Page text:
In September of 1813, Governor Macquarie tackled the problem of lack of coinage by ordering that a large shipment of silver Spanish Dollars - valued at Five English Shillings - be centre-punched so that two coins were formed, a ring and a smaller solid dump. He then stipulated that the holed ring Dollar (or 'holey dollar' as it became known)  would remain valued at Five Shillings and the centre Dump would have a value of 15 Pence within the colonies and he had the pieces marked accordingly. 

In this way he made a profit, created two commercially valuable coins and, as the face value exceeded the bullion value, it  ensured that the mutilated silver coins remained in the colonies. 

A few years later on April 8th. 1817 Governor Macquarie oversaw the establishment of the first trading bank in Sydney, Australia and two years later the first savings bank in that colony opened its doors. The advent of banking in Tasmania followed closely on the heels of the  N.S.W. ventures with the opening of The Bank of Van Diemen's Land in 1824. 

Prior to the establishment of the Bank of Van Diemen's Land, the island colony was proliferated with paper promissory notes of all values from Threepence up to cater for the lack of small change.  The issuers of these notes - which could be ordered or purchased from the printers in bundles or tear out booklets of 100 blank forms - promised to reimburse the bearer for the amount stated on the note. Some were not worth the flimsy paper they were written on but continued to circulate all the same.

The practice of issuing paper 'money' in the form of official Commissariat bills of exchange had started virtually at the same time the colony had opened up and it was a logical step for the population to use a similar method to address the problem of not having hard cash reserves in those early days.

The Spanish silver Dollar in those days was accepted as a universal currency and the people of Van Diemen's Land had no qualms in using it alongside the British sterling at a level of exchange that sometimes was more favourable than the official rate. Even promissory notes were often issued in terms of Spanish Dollars but the final book-keeping tallies were always converted into pounds sterling at the going exchange rate. 

Other notes were written up as 'Currency' notes and these were redeemed in any sort of foreign bullion coinage that could be utilised but usually notes issued in these terms were discounted when converted to English sterling for any trade dealings.

In an effort to control the amount of private promissory notes expressed in Spanish Dollars and Currency instead of English sterling some sort of action was needed by the authorities. By March 8th. 1826 a Government order had been issued that set a rate of 4 Shillings and 4 pence sterling as the Spanish Dollar's value and the minimum amount value of a promissory note was to be One Pound sterling - and this would take effect as from April 1st. 1826.  

All notes expressed in Spanish dollars were to be declared void. 

An almost immediate withdrawal of the Spanish Dollar and small value Currency and Sterling notes occurred, and, whilst it created a deflationary effect in the short term on an already depressed economy, the opening of four more sterling note-issuing private banks in Van Diemen's Land at that time alleviated  the problem of an imminent cash shortage amongst the colony's traders.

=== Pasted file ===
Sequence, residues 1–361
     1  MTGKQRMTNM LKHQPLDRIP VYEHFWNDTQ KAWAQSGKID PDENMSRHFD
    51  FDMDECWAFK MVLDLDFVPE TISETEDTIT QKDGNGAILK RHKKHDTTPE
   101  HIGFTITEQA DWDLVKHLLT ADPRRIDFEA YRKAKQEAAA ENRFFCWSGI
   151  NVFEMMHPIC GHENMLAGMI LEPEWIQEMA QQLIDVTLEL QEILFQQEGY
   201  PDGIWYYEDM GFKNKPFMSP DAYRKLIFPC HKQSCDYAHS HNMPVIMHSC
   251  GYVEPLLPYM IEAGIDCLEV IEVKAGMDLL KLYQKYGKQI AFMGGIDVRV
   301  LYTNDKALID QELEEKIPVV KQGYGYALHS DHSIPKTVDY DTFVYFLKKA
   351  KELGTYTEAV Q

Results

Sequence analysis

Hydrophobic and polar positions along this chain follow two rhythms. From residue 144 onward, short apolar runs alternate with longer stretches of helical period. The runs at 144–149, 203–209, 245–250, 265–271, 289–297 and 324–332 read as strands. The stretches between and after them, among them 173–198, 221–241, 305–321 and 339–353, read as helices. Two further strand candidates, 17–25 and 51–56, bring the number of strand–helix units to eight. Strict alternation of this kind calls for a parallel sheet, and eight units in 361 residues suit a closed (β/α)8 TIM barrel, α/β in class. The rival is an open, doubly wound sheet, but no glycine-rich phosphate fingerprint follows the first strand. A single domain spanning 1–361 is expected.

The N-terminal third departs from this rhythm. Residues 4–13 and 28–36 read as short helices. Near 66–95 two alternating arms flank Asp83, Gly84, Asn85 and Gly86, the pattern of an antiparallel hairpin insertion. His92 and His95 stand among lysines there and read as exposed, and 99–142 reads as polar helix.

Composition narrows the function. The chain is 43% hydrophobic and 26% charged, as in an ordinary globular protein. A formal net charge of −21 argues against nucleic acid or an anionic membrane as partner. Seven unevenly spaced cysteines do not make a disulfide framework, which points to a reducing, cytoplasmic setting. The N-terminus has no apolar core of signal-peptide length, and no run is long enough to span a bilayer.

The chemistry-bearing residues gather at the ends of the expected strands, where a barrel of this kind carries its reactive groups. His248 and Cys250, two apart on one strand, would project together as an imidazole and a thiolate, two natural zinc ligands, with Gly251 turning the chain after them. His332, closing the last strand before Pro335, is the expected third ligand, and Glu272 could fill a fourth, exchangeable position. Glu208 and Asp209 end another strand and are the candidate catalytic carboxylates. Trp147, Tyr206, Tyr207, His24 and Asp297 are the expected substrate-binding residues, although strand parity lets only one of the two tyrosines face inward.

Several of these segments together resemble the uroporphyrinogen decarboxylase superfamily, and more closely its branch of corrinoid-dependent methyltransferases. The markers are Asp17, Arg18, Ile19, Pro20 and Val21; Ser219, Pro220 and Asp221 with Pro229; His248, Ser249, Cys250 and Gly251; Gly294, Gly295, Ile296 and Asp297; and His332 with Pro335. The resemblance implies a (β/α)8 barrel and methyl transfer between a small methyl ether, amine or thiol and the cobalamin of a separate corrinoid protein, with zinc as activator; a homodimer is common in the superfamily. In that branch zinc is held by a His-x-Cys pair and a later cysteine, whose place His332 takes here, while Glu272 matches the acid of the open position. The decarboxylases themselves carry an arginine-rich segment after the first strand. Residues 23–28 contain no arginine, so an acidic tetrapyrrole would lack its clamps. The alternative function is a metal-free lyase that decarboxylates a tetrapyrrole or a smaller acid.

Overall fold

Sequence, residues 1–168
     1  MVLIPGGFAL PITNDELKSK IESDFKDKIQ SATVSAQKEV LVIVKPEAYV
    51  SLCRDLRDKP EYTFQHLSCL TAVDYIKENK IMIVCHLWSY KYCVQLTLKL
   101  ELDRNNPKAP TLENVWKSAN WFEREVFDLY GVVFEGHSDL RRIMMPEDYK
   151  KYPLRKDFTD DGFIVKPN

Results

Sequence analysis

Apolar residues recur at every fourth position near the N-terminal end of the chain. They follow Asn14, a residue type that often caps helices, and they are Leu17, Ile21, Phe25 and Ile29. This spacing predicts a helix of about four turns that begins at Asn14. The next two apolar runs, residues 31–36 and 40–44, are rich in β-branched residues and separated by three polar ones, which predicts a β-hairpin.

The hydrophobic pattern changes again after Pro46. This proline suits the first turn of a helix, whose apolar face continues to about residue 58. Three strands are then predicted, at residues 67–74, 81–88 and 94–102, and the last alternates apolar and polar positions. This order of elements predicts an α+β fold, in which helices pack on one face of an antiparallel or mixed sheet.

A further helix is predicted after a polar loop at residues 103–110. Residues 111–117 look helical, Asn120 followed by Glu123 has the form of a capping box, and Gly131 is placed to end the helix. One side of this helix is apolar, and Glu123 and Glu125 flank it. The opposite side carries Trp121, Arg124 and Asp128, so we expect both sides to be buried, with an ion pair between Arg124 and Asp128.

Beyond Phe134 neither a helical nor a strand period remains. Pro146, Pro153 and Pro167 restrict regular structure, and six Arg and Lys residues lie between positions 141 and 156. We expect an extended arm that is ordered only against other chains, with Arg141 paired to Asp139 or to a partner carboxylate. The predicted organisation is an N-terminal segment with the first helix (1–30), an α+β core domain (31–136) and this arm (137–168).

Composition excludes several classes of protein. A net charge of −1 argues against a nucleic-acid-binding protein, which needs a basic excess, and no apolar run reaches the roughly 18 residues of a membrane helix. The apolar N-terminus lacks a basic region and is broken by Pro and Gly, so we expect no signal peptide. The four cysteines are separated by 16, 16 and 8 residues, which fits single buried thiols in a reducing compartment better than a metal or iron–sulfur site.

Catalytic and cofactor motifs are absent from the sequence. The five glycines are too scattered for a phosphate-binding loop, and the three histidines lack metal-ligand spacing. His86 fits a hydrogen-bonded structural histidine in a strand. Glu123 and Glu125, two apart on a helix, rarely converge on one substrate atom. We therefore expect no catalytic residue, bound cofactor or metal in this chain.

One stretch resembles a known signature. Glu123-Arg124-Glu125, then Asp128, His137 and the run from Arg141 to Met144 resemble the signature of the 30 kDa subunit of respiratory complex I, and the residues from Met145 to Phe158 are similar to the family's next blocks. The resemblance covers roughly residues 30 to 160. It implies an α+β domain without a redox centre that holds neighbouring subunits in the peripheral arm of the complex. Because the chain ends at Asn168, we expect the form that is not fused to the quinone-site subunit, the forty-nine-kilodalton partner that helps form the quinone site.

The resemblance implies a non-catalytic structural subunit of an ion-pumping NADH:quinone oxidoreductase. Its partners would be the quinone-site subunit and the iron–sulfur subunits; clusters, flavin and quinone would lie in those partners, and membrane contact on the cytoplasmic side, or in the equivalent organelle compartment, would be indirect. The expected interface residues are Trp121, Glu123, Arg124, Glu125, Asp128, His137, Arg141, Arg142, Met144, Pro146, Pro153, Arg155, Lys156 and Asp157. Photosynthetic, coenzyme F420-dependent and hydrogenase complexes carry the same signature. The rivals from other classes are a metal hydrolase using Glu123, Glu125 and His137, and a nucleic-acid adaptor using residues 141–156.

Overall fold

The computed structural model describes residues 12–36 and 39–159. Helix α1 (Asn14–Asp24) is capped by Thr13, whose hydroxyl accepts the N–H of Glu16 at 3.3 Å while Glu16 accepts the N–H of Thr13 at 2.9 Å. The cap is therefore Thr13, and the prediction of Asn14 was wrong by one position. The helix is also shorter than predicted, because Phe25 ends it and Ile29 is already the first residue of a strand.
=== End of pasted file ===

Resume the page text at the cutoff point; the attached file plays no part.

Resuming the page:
Still the bugbear of small change was a prime concern and whatever foreign coinage that was available still continued to circulate freely. It was still not enough to satisfy the demand even though more Imperial coinage was slowly arriving to address the chronic shortages that all English colonies had been experiencing.


In England, the practise of issuing copper and silver tradesmen's tokens of similar style and weight to official coinage to counter the small value specie shortage had been  widespread amongst commercial interests in that country for some time. 

Token coinage had been a progression from the emergency money contrived over hundreds of years by various groups of Englishmen who disagreed, violently, with other Englishmen on how the country should be run. 

If they didn't have access to the legal coin of the realm - they made their own acceptable alternative to finance their causes!

The low value tradesmen's tokens were a more commercially driven enterprise and were often used as a form of advertising as well as to address the small change problem within the business community.

Many private manufacturers of these tokens were firmly established in England when the first Australian colonies at Sydney, New South Wales and at Hobart in Van Diemen's Land were first opening up at the beginning of the 19th.century.

Surprisingly, few of the English tokens made an appearance in the colonies but the early convicts and soldiers didn't have much call for cash of any description as there was nothing for them to spend it on.

Things change and if there is a need someone will fill it - such is the situation that soon arose in New South Wales (as the total area was called at that time). Ultimately convicts - both male and female - were freed, soldiers retired, settlers started to arrive in Van Diemen's Land in 1815 and enterprises started up to cater for the needs of a growing civilian population and the spread of settlements.

Dated 1823, the first tradesmen's token prepared in England for Australian use appeared in Van Diemen's Land (which was soon to be declared a separate colony by Royal Proclamation on December 3rd. 1825).  

A silver shilling piece, which had been prepared for partners Macintosh and Degraves, who operated the Cascade Saw Mill near Hobart, appeared in very small numbers and even today there is some controversy about when and how many were actually released. Some numismatists believe it was issued basically as an advertising piece and later research indicates that they may not have been actually distributed until 1824 -25 due to an argument, then a legal case, that had involved the partners, Major Hugh Macintoish (or Macintosh) and Peter Degraves, and some of the paying passengers on the ship that they had hired to transport themselves and their equipment to the colony. Because of their necessary appearances in a London court to fight the case, the partners and their ship were delayed somewhat, and newspaper records of the time suggest that they did not arrive in the colony until late1824.